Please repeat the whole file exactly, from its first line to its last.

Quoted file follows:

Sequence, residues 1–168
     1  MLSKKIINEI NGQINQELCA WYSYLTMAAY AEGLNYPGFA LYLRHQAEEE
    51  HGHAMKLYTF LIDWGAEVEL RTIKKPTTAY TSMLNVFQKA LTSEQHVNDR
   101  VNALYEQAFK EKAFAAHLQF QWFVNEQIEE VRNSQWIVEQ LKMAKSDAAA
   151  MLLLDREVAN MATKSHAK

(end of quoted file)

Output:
Sequence, residues 1–168
     1  MLSKKIINEI NGQINQELCA WYSYLTMAAY AEGLNYPGFA LYLRHQAEEE
    51  HGHAMKLYTF LIDWGAEVEL RTIKKPTTAY TSMLNVFQKA LTSEQHVNDR
   101  VNALYEQAFK EKAFAAHLQF QWFVNEQIEE VRNSQWIVEQ LKMAKSDAAA
   151  MLLLDREVAN MATKSHAK